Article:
CONCERNS about the independent review into Scotland’s flagship hospital have been raised with the Health Secretary.

Jeane Freeman has confirmed she has received several messages regarding the report into Queen Elizabeth University Hospital (QEUH) which was published last month.

The details were revealed in a letter sent to Labour MSP Anas Sarwar who has also complained about the independent review’s findings and conduct.

Chaired by Dr Brian Montgomery and Dr Andrew Fraser, the probe found that vulnerable patients were “exposed to risk that could have been lower” if the £842 million hospital had been designed and built correctly.

However, investigators also dedicated a chapter to the whistleblowers, two of whom spoke to The Herald about how they tried to raise concerns over five years with NHS Greater Glasgow and Clyde and felt as though they had been ignored.

Despite whistleblowing not being within the remit of the review, authors criticised their conduct and said they had caused tension within the health board.

Controversially it also concluded that there was no “clear link” between the cryptococcus infections which contributed to the death of a 10-year-old boy and an elderly woman, and pigeon droppings found at the facility.

Sarwar wrote to Jeane Freeman to express concern regarding the treatment of families and whisteblowers following the review’s publication.

He said: “The co-authors stated throughout the process that there remit was not to look at individual cases ... That was also the reason given for not speaking to families affected. It is therefore extremely unfortunate that they have passed judgment on individual cases.

“This is not acceptable.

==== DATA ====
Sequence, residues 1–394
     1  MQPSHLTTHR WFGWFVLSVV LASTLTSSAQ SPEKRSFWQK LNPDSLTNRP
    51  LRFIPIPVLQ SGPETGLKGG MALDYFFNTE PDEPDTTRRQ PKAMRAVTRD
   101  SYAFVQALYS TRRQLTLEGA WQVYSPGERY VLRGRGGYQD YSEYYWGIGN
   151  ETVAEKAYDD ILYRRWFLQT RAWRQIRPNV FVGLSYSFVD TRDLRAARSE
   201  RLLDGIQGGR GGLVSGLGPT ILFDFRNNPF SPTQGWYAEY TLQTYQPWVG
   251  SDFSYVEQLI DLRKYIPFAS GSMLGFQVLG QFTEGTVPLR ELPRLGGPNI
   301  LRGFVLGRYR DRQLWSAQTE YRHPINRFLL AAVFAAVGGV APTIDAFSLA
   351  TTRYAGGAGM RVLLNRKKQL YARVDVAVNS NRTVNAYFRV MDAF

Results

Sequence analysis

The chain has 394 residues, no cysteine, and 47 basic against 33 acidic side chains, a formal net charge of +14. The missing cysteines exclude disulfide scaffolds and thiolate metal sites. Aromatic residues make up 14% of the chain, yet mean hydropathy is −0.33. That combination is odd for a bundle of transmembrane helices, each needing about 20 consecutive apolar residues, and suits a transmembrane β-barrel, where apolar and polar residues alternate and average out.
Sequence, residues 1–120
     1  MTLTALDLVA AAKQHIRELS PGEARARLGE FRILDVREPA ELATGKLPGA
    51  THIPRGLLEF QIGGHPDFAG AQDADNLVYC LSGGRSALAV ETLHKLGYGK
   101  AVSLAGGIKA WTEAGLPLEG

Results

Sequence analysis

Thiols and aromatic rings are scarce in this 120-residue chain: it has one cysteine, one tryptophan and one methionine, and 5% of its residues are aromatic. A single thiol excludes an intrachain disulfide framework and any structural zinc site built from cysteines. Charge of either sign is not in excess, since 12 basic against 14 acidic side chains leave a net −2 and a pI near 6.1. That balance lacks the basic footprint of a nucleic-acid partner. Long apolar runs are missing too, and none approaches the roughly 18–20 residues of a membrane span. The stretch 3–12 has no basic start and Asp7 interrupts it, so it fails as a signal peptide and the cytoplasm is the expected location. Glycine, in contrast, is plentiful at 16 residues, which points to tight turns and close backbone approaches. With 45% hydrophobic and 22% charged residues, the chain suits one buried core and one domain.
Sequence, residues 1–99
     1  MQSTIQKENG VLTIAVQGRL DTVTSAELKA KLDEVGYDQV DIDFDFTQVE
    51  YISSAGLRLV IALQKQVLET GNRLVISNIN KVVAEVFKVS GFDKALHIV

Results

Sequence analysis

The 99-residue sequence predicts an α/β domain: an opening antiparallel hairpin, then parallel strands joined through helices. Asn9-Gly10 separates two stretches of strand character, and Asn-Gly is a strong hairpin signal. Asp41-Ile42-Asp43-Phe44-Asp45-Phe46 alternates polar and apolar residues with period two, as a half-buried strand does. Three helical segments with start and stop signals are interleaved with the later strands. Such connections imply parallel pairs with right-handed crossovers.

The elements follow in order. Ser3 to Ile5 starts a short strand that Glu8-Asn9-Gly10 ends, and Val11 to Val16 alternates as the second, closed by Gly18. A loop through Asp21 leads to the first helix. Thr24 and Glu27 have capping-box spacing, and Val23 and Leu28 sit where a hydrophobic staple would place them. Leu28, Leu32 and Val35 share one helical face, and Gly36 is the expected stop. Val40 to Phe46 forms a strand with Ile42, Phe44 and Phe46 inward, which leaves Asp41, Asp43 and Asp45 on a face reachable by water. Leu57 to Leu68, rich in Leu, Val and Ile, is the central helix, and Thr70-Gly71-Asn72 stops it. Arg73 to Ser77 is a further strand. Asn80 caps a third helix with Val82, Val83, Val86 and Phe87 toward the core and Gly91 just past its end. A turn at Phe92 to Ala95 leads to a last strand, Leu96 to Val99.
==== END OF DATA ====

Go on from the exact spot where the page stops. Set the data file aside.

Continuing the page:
“I also have a concern about how whistleblowers and individual clinicians have been treated. While professionals are not named, they are easily identifiable by their titles/roles.

“You stated during our conversation that everyone referenced in the report was contacted in advance, notified that they would be referenced and given a right of reply. I can categorically tell you that this did not happen.”

In response, Freeman said: “I appreciate the concerns you have expressed ... I would emphasise that the review was entirely independent of the Scottish Government and that both the content of its final report and the procedures it undertook were entirely a matter for the co-chairs.

“I would suggest that you raise your concerns and seek answers directly from the co-chairs ...

“I have alerted the co-chairs to the concerns raised by you and others with regard to these matters and that those raising concerns may wish to engage with co-chairs directly.”

Freeman also confirmed that the case note review looking at every case where a patient has become infected or died after contracting a hospital-acquired infection has been delayed due to the Covid-19 crisis.

She wrote: “I can confirm that work on this has been continuing although at a slower pace due to the pandemic.

“The Expert Panel under Professor Mike Stevens is still aiming to report on their work before the end of the year.”

Sarwar has accused the Health Secretary of “distancing herself” from the concerns raised. He said: “I share the concerns of many, including leading clinicians, about the QEUH review – and have raised these directly with the Health Secretary.

“I know I’m far from alone in raising this with Jeane, which is why she has passed on multiple concerns and is distancing herself from it.

“While the review was independent of government, it wasn’t independent from the NHS management – and it was an attempt to protect managers’ reputations and avoid blame, rather than uncover the truth that families deserve.

“There is still a long way to go in the search for answers.”

When asked about concerns raised about the review, and the delay to the case note review, a Scottish Government spokeswoman said: “Work on the case note review is continuing.

“However, due to the impact of the current pandemic, it is progressing slower than originally expected.

“Professor Mike Stevens of the Review’s Expert Panel recently updated the families about the progress of the Review.”

A public inquiry led by Lord Brodie will begin next month, looking at the hospital failures and what could have been done differently.